KUALA LUMPUR (Reuters) – Frustrated with a months-long political power struggle during the coronavirus pandemic, Malaysians have praised King Al-Sultan Abdullah for rejecting Prime Minister Muhyiddin Yassin’s request on Sunday to impose emergency rule.
“He saved our People, Country and Democracy,” Twitter user @Kushfein said in one of many positive responses to the king’s decision posted on social media.
Holding a largely figurehead role, Malaysian monarchs rarely make headlines for their role in the country’s political affairs, but Al-Sultan Abdullah has made several big calls since February, when an elected coalition government suddenly splintered.
And he could play a key role if the political instability continues, say constitutional lawyers and political analysts.
The monarchy has traditionally been seen close to the government of the day, but Al-Sultan Abdullah’s refusal of Muhyiddin’s request has boosted confidence in the king’s constitutional role.
“It restores a certain faith in the constitutional monarchy in this country that they are not just very passive,” historian Kobkua Suwannathat-Pian said.
‘CHECK AND BALANCE’
Al-Sultan Abdullah gave Muhyiddin the premiership after the alliance headed by veteran leader Mahathir Mohamad fell apart in February. In the process he turned down Mahathir’s late bid to show he had the numbers in parliament to retain power.
Earlier this month, opposition leader Anwar Ibrahim went to the king to prove that he had assembled a majority to oust Muhyiddin. The king urged Anwar to follow the constitutional process, and in the two weeks since that meeting, he has repeatedly called for an end to politicking during the pandemic.
On Sunday, the king refused Muhyiddin a state of emergency, which critics say would have allowed the prime minister to suspend parliament and effectively stymie any attempt to bring down his government.
But, the king also threw Muhyiddin a lifeline and told the country’s party-hopping lawmakers to stop their power plays.
Posting on Facebook shortly before the Malay rulers met to discuss the king’s course of action, the crown prince of the powerful sultanate of Johor said the traditional rulers provided “checks and balances”.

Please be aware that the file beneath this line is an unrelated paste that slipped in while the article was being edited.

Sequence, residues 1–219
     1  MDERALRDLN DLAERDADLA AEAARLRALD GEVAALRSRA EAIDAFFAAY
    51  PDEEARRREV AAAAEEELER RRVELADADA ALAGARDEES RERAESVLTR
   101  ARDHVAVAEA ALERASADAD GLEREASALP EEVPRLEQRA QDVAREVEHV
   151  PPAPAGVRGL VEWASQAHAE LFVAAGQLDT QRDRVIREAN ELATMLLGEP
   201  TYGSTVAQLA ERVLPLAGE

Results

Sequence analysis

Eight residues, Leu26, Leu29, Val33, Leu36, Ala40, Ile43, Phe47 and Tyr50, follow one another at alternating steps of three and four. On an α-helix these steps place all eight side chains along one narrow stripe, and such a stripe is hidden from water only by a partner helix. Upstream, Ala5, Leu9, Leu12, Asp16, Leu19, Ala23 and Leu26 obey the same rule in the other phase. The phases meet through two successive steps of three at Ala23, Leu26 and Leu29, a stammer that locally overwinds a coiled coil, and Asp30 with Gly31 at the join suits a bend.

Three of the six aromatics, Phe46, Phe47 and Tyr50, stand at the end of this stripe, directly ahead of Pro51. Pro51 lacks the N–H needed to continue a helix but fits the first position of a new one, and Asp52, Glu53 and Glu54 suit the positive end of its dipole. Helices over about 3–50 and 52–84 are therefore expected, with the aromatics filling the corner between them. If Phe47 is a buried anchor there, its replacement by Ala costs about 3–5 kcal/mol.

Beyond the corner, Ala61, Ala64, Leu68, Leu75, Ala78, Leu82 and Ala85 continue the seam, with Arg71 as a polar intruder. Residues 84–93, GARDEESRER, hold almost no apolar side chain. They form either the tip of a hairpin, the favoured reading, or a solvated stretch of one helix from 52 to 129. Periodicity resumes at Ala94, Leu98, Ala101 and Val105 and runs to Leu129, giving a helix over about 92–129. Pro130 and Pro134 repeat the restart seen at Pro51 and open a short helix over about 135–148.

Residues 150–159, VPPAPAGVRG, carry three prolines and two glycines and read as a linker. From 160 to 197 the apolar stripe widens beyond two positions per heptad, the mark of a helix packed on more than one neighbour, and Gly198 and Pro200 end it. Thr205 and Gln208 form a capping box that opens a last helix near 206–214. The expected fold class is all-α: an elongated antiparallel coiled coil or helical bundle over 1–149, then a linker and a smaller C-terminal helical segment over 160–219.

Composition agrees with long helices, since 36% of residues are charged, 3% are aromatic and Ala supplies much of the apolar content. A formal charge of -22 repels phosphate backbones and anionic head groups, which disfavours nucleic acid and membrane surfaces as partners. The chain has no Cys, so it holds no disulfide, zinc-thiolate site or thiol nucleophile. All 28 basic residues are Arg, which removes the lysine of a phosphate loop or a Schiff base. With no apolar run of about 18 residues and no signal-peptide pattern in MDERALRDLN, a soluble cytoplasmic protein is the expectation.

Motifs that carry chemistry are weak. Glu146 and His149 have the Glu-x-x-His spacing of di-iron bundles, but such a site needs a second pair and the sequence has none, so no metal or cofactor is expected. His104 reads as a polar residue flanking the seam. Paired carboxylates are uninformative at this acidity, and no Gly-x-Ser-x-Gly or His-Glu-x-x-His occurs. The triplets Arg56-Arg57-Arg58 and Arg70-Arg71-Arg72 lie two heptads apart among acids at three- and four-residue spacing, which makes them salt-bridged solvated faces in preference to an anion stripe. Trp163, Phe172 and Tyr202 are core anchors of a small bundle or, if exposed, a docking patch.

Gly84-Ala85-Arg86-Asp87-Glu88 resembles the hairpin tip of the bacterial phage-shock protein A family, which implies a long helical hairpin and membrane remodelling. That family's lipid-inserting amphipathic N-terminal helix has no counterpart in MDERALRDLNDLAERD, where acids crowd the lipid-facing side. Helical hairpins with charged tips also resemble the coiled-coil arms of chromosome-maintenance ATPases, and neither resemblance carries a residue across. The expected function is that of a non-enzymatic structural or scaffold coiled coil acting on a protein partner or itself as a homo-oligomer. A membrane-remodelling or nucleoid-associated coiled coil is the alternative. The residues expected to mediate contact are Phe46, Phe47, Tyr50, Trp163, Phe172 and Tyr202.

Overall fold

“The current situation is a clear indication of what would happen when power to rule is left entirely to politicians,” the crown prince, Tunku Ismail Idris, said in his post.
Malaysia has a unique system, as the nine Malay sultans take turns to assume the role of king every five years.
It is a largely ceremonial role, including acting as custodian of Islam in the Muslim-majority country.
In the early 1990s, the then prime minister Mahathir passed constitutional changes to curb some of the sultans’ powers to stall legislation and ending their immunity from prosecution.
But the sultans are still held in deep respect by Malays and the non-Muslim Indian and Chinese minority communities.
Having become king after his father’s abdication in 2019, Al-Sultan Abdullah, 61, has won popularity with his approachable demeanour and down-to-earth image, having been spotted helping accident victims on the highway and queuing up for food at KFC.
And the Malaysian monarchy’s stock stands high at present compared to neighbouring Thailand, where there have been mass protests daily to call for the prime minister to resign and reforms of the monarchy and a scaling back of the king’s powers.
“The monarchy no longer plays a ceremonial role but is taking an ‘active part’ to ease the uncertainty,” said Muhammad Takiyuddin Ismail, a political science lecturer at the National University of Malaysia, adding that the rejection of the emergency request enhanced the monarchy’s reputation.
(Editing by Simon Cameron-Moore)